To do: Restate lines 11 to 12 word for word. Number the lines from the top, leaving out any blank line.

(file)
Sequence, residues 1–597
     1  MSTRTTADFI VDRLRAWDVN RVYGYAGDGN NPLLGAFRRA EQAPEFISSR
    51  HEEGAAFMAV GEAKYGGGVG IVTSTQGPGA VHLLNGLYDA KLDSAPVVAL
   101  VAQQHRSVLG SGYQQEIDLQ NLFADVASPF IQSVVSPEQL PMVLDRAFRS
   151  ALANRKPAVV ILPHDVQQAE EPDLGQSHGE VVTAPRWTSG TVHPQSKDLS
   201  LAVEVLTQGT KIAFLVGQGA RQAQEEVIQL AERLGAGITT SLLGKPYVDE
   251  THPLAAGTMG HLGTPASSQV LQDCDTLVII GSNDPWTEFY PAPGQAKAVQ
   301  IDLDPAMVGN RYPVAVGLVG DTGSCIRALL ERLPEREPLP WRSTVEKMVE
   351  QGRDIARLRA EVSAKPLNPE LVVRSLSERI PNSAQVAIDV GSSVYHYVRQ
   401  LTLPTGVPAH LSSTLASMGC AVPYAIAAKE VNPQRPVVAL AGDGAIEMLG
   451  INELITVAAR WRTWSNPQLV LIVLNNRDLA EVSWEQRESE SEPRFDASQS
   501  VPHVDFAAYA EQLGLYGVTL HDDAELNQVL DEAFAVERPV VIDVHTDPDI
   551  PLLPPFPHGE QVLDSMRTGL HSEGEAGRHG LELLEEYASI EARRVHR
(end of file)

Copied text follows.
   451  INELITVAAR WRTWSNPQLV LIVLNNRDLA EVSWEQRESE SEPRFDASQS
   501  VPHVDFAAYA EQLGLYGVTL HDDAELNQVL DEAFAVERPV VIDVHTDPDI